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Soup of This Day #302: Sit Back And Wonder Why

March 25, 2013

Lycium barbarum flower
This is the flower of Lycium barbarum, a plant commonly known as Goji. Its berries are an alleged superfood, although scientific test have been inconclusive on that score. At least the flower is purple, a proper colour for super things – Photo: Javier Martin, 2008. Javier Martin is not affiliated with Longworth72. Image cropped by Longworth72.

When I was a student at uni I shared office space with a guy that I used to refer to as Healthbar. The name fit because, like a goji berry and greek yoghurt bran bar, he was consistently wholesome.

And he gave me the @#$%s.

1 particular New Year’s Eve for example he eschewed the Australian tradition of getting yourself unmemorably plastered and instead organised a sing-along around a piano. Possibly I’ve misread the moral purity of that event – I wasn’t there, having declined the invite in favour of getting unmemorably plastered – and maybe they were snorting cocaine off the top deck of the baby grand while raucously belting out Beastie Boys’ numbers.

Probably not though.

And this is ok. Different strokes for different folks.

Still, our respective strokes were so out of synch that our oars were bound to clash and become tangled. And because my standards as a fellow student could sink underneath pretty much everybody else’s, let alone under those of the coxswain of virtue that was Healthbar, this is pretty much what always happened. Where he was studious and conscientious, I was mercurial and wasteful. He owned success, while I had a lock on failure. Even his relationship with his wonderful girlfriend was seemingly tightly scripted – They once formed a slick Amway-selling partnership.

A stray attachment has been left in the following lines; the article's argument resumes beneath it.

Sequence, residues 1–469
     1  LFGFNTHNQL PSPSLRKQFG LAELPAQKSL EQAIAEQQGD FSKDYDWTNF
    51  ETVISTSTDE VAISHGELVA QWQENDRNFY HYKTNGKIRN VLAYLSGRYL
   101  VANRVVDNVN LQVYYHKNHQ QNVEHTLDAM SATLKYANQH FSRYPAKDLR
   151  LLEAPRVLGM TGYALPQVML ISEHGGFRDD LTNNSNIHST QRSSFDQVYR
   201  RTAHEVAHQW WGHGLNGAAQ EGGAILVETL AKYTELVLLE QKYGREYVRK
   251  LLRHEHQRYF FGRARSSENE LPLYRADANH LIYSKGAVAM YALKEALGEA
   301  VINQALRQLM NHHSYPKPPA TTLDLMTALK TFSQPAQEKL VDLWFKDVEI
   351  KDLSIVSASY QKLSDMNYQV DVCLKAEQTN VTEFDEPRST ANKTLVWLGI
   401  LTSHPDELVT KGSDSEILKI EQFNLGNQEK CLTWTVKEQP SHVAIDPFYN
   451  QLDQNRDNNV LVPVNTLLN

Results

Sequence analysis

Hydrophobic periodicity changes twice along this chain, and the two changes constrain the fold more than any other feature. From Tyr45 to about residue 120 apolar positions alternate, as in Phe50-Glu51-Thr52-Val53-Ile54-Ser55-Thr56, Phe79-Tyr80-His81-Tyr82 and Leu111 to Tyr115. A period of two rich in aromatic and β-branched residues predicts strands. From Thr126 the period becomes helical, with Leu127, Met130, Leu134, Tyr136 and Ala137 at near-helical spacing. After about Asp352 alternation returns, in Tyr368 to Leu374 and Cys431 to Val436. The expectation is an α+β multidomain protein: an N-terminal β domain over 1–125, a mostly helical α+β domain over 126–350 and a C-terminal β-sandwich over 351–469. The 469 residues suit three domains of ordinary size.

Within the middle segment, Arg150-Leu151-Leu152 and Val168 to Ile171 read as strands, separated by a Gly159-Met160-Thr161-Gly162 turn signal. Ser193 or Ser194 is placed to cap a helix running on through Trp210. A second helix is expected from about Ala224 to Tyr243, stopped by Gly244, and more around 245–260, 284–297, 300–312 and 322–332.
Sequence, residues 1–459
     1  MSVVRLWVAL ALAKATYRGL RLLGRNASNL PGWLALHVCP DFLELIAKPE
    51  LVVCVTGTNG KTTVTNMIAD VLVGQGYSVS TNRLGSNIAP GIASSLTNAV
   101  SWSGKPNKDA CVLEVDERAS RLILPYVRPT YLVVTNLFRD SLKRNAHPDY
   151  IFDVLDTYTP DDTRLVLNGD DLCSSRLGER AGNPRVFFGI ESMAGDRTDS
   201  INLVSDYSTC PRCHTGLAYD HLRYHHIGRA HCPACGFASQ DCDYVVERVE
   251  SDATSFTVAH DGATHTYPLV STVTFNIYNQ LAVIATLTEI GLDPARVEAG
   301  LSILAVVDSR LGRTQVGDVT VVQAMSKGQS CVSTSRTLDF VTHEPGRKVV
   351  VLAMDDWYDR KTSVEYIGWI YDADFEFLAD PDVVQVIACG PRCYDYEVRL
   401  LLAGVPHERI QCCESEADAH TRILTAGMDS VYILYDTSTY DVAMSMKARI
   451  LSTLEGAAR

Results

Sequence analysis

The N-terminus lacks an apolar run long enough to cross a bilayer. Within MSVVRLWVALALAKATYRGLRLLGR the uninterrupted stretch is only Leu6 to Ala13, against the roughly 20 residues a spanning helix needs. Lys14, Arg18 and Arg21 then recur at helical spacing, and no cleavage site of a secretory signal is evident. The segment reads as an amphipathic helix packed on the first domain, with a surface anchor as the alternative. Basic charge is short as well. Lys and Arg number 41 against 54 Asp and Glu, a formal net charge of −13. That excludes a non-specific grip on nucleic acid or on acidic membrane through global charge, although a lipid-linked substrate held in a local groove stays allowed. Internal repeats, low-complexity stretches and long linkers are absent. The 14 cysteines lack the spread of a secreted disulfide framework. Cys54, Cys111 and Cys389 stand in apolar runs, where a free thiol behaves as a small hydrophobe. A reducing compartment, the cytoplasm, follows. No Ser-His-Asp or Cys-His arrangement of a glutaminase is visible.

By contrast, in my friendship with his wonderful girlfriend I was a car-wreck of amiable intentions. Literally – I smashed her car after borrowing it to go home to pick up some work for a joint paper that I’d absent-mindedly managed to leave there. It was almost worse – I originally got into a car that looked like hers but wasn’t, figuring things out just before driving off in what would have become a stolen motor vehicle.

Technically that would only have been worse for me and the actual owner of the doppelganger car.

Healthbar would never have gotten into the wrong car. He would also not have reversed the right car into another car with such force that it kind of ended up at least partially atop yet another car. Healthbar would no doubt have argued that no car is the right car when you don’t have a valid licence.

Not my finest hour.

This I knew pretty much the instant before I made contact with the rear-end of the Honda Civic that was the 1st to feel the mercurial and wasteful touch of Longworth72. I in fact was remarkably talented at establishing exactly where I’d @#$%ed up, usually just past the moment where the consequences of my @#$% up became unavoidable. So I generally did not need, nor want, to be educated after the fact, even if I deserved it.